How to deal with diabetic lethargy

Bouts of sleepiness, especially after meals, are some of the most common and disabling symptoms of diabetes. However, there are many causes of lethargy, besides diabetes. So how do you know whether you have diabetic lethargy and, if you do have it, what can you do to combat it?

Many diabetics feel, at times, extremely tired, fatigued or lethargic. Having periods when you feel so exhausted that you can only prevent yourself from falling asleep with great difficulty can seriously disrupt your daily life.

This tiredness can be caused by blood glucose levels that are too high or too low. But it can also be due to a dozen or so other causes such as stress, overwork, lack of a good night’s sleep and so on.

The glucose-insulin system

Glucose, a simple sugar, is your body’s primary source of energy. In fact, your muscle cells need glucose all the time so you can talk, walk, run, read a book, think etc.

When your food is being digested, glucose is released from your stomach into your bloodstream and carried to your muscle cells. At the same time, insulin, a hormone (type of chemical), is released into your bloodstream from your pancreas.

Insulin is needed to enable the glucose to enter your muscle cells. To do this, the insulin attaches itself to receptors in the surface of the cells and causes the cell membranes to allow glucose to enter. The cells then use the glucose as fuel.

Of course, if the receptors in your muscle cells are blocked by fat, the insulin will not be able to open them.

This is the essential problem faced by type 2 diabetics and is the reason why the only way to beat your diabetes is to eat an extremely low-fat diet designed to unblock the cell receptors.

Causes of diabetic lethargy

Two common reasons for tiredness or lethargy are having blood sugar levels that are too high or too low.

High blood glucose makes your blood ‘sludgy’, which slows your circulation so your cells cannot get the oxygen and nutrients they need, giving you a groggy, drugged feeling.

On the other hand, when your blood sugar is too low, there is not enough fuel for the cells to work properly, so you feel jaded.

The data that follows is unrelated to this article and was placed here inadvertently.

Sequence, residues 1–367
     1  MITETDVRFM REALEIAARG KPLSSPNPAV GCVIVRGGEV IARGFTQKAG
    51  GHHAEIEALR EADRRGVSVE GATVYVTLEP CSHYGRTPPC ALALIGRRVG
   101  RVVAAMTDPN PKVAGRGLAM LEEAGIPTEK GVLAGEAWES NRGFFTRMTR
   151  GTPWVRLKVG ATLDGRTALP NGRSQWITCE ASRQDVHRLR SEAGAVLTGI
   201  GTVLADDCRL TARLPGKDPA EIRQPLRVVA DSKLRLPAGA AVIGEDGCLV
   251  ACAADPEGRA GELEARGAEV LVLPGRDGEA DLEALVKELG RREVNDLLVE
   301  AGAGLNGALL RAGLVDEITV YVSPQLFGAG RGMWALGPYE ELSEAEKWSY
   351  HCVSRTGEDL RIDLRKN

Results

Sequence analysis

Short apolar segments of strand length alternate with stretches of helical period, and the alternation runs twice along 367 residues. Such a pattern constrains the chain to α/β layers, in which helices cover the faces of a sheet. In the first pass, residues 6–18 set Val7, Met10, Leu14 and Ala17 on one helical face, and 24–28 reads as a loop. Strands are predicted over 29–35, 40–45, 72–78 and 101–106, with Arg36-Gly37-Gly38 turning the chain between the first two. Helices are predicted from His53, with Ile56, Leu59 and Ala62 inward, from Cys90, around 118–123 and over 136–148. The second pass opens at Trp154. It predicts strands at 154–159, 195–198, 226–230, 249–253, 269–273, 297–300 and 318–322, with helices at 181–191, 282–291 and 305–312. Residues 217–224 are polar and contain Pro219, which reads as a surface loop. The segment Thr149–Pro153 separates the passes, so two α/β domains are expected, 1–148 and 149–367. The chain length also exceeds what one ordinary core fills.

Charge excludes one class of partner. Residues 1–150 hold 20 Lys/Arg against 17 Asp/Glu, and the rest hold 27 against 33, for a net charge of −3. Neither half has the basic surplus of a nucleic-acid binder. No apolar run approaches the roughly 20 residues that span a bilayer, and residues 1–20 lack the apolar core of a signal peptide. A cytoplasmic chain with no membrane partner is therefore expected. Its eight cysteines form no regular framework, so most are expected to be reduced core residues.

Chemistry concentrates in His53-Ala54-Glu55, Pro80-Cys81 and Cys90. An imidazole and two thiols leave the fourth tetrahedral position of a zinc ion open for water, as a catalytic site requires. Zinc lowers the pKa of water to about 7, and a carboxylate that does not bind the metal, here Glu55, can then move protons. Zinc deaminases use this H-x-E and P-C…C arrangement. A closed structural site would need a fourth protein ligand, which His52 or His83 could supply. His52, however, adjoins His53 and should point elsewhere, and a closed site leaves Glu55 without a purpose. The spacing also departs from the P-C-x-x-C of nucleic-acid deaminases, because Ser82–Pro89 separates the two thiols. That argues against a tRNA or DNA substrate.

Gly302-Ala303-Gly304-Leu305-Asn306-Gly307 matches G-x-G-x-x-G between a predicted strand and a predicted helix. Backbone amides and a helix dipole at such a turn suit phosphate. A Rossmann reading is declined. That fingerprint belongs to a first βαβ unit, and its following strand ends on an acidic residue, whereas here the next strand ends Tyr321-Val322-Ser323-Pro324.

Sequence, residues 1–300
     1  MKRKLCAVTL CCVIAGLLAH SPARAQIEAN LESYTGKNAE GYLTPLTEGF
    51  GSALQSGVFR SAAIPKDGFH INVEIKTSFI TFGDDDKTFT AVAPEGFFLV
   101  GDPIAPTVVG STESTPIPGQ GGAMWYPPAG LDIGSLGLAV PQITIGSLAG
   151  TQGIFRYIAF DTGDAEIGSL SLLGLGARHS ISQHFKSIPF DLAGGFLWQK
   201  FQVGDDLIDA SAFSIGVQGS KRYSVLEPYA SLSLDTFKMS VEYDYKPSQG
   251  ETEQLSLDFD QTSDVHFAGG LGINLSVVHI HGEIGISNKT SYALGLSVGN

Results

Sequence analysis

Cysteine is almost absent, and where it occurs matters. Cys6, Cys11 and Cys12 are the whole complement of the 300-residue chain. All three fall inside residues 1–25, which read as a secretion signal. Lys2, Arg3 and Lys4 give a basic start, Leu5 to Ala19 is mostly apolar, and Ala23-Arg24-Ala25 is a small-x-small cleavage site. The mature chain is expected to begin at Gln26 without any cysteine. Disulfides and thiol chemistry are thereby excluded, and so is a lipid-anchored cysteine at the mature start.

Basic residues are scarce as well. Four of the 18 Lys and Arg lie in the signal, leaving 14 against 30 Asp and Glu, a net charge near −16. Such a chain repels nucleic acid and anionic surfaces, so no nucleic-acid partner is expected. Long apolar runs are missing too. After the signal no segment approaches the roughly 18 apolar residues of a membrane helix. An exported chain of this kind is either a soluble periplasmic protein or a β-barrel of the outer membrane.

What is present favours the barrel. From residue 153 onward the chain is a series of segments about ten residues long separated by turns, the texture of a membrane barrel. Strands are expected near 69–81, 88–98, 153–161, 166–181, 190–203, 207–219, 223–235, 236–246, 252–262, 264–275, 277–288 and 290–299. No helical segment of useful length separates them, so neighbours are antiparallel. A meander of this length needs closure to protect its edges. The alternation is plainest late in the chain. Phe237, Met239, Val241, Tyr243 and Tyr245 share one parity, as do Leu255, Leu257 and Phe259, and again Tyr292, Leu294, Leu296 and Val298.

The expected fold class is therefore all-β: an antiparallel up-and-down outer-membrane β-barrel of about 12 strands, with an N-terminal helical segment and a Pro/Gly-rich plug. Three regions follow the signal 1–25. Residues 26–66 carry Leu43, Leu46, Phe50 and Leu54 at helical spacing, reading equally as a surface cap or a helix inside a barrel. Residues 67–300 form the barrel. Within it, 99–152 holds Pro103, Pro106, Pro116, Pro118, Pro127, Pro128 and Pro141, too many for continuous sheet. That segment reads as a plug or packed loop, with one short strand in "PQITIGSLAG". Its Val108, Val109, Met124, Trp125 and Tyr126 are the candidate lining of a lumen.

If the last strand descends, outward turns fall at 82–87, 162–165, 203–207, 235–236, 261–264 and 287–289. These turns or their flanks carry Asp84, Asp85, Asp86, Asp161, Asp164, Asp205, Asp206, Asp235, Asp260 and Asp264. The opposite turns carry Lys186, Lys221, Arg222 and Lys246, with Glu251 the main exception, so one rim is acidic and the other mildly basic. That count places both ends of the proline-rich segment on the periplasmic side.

Blood glucose levels go high when your pancreas is not producing enough insulin (such as when you have type 1 diabetes) or your insulin is not working effectively (as in type 2 diabetes).

In both cases, the sugar in your bloodstream cannot get into your muscle cells so these cells do not receive the energy they need. The result is tiredness.

Either way, you need to confirm that your lethargy or extreme tiredness is in fact caused by blood glucose levels that are too high or too low and not due to some other cause. To do so, all you have to do is test your blood using your home glucose tester when you become tired unexpectedly.

Having bouts of fatigue after meals indicates that you are eating too much carbohydrate or that the carbohydrates you are eating have high glycemic index (GI) values, ie they are digested very quickly and lead to a rapid, high rise in your blood glucose level.

The solution is to reduce the carbohydrates you are eating and/or change to low GI carbs. But when your blood glucose levels are too low, you need to take in more carbohydrate to provide your body with the energy it needs.

Other medical causes of intense fatigue

Diabetes is not the only cause of bouts of sleepiness. In fact, there are more than 15 known causes for fatigue, and too high and low blood glucose constitute only two of these causes.

Other medical conditions that cause fatigue include:

  • anaemia, or low red blood cell counts
  • thyroid problems
  • low testosterone levels, especially in men
  • infections
  • undiagnosed heart disease
  • side effects of medications for various medical conditions

There are at least seven other medical conditions that can cause extreme tiredness.

These medical conditions should be investigated by your doctor if you experience bouts of fatigue when your blood glucose levels are ‘normal’, ie neither too high nor too low.

Non-medical causes of extreme tiredness

There are also many not-entirely medical reasons why you can feel fatigued:

  • Lack of sleep or poor sleep
  • Rotating shift-work (messes with your body clock and disrupts your sleep)
  • Depression (common among diabetics)
  • Doing too much and not taking breaks
  • Stress
  • Eating too much carbohydrate, especially refined carbs
  • Drinking too much caffeine (causes fatigue through a rebound effect)
  • Not drinking enough liquids
  • Lack of exercise (resulting in weak muscles)
  • Aging

You are certainly able to exert some control over most of these factors except for the last item. Here’s what you can do.